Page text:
Do you (or your organization) have permission to make mistakes?
Your answer to this question not only reveals your risk tolerance, but likely provides insights into your personality and innovative abilities as well. In a recent workshop with some great staff of the SoCal Ronald McDonald Houses, a key theme was the reality of constant and ongoing organizational change. Working in an organization in flux is challenging. But the increasing pace of societal change means that constant flux is the new normal.
Constant change means that mistakes are more likely to occur. So how can we teach our staff to be happy and healthy amidst change? Furthermore, how can we help them make mistakes that matter? Eduardo Briceno has published a very helpful model which we can use to help employees understand good and bad mistakes.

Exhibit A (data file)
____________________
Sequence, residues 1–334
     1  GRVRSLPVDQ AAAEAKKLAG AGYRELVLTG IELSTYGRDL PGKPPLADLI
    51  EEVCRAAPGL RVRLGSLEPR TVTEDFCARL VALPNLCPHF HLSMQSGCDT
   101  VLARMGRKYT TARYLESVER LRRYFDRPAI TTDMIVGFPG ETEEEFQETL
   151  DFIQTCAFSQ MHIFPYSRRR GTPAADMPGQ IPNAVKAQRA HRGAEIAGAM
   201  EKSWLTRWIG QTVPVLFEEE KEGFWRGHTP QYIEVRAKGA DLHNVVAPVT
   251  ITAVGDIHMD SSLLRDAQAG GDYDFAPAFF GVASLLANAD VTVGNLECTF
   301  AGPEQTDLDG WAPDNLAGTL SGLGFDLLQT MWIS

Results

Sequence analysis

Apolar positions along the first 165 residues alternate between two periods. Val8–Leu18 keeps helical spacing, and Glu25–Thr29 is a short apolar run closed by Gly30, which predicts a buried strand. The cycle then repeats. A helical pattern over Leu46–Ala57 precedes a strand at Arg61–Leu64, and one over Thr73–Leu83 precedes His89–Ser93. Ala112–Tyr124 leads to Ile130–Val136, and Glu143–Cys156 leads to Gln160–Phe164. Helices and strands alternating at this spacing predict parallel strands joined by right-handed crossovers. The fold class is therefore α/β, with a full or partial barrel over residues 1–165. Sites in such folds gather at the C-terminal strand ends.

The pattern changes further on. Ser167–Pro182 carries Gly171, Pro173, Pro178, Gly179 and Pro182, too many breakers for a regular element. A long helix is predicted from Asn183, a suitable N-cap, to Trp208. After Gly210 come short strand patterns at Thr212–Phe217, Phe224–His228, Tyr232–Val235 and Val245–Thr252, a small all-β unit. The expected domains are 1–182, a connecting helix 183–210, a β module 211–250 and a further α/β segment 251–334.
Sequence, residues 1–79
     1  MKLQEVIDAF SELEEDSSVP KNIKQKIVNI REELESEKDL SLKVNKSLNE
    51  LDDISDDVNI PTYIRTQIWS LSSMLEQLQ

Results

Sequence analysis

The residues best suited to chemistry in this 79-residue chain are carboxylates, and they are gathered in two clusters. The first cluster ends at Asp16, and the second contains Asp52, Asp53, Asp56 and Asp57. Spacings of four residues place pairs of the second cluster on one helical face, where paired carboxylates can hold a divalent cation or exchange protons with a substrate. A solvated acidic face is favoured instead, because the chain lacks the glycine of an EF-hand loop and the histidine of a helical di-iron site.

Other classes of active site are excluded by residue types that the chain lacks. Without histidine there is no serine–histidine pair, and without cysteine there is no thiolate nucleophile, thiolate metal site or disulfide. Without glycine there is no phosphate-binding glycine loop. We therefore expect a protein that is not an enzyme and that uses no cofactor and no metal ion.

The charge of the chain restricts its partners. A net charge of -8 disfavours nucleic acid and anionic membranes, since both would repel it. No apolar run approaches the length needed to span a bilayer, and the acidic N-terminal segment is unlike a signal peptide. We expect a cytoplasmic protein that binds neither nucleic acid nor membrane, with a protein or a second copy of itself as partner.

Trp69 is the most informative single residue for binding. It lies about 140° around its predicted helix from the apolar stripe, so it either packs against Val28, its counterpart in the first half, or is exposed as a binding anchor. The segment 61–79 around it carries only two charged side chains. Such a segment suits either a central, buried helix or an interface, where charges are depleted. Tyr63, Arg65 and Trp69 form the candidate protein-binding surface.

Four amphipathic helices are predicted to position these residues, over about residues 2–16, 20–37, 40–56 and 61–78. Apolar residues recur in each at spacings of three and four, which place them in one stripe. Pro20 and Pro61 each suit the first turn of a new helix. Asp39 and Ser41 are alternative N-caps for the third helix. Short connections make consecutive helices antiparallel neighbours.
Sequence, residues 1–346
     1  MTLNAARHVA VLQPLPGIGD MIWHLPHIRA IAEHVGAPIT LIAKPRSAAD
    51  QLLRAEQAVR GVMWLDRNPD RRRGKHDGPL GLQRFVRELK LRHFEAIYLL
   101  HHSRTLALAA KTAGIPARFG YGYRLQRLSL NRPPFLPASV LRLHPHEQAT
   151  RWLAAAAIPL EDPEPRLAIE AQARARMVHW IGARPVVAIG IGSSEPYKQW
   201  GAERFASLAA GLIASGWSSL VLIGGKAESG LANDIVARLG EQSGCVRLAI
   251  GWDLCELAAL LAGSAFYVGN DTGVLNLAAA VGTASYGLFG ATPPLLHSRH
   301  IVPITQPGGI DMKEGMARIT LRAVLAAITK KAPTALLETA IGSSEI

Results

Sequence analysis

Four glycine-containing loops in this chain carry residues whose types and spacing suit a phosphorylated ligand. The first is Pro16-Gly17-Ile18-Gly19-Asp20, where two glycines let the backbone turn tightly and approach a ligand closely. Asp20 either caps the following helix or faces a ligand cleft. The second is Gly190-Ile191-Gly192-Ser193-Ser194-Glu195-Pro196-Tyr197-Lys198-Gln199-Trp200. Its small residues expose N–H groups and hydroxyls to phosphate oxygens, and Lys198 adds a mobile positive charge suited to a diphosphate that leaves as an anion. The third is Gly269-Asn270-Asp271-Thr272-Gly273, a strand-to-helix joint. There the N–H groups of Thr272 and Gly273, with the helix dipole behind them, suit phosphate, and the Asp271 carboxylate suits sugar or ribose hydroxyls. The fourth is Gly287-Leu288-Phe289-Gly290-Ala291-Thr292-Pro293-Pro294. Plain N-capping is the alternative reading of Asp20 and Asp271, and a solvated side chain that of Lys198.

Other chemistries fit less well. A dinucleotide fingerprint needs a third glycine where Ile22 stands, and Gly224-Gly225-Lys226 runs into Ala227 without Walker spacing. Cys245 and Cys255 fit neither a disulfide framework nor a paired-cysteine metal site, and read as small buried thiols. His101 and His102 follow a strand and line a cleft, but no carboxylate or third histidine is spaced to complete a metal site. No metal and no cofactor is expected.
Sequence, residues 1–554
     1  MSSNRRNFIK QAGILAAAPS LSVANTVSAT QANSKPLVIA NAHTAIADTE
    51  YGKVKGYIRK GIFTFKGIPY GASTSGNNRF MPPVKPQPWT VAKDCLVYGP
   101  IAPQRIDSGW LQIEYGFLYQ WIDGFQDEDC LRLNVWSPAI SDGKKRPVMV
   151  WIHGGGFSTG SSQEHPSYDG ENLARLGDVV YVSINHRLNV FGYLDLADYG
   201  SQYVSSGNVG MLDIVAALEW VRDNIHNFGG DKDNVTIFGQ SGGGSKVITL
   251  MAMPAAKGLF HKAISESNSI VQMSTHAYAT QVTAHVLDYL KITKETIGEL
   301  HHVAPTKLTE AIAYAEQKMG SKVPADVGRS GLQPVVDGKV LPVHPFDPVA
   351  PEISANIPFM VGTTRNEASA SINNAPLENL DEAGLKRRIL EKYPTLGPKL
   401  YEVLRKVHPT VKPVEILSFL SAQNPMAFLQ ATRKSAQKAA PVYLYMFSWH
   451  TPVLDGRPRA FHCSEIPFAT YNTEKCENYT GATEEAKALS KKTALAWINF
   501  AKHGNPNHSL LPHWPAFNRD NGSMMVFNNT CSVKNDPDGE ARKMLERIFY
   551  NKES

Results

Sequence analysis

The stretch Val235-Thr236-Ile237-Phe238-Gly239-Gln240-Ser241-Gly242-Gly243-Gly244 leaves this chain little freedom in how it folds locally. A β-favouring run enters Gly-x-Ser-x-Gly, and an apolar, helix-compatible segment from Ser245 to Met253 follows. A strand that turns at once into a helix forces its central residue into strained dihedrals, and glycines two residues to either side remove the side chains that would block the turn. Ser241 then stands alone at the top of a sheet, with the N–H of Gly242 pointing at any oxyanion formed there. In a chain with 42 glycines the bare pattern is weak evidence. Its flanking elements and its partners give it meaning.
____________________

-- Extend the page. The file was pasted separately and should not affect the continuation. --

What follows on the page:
This model is effectively simple so I’ll bet you are already drawing your own lessons from it. However, let me illustrate three points to help equip us with reminders about change and mistakes:
Good teams have leaders who give them permission to make mistakes. Excellent teams have leaders who help their team dig deeper and understand the type of mistake they made, and how they can leverage it into something that will benefit both them and the organization.
After all, pobody’s nerfect!
Dr. Jeff Suderman is a futurist, consultant, and professor who works in the field of organizational development. He partners with clients to improve culture, leadership, teamwork, organizational alignment, strategy and organizational future-readiness. He resides in Palm Desert, California. Twitter: @jlsuderman Email: firstname.lastname@example.org
Source: Mindset Works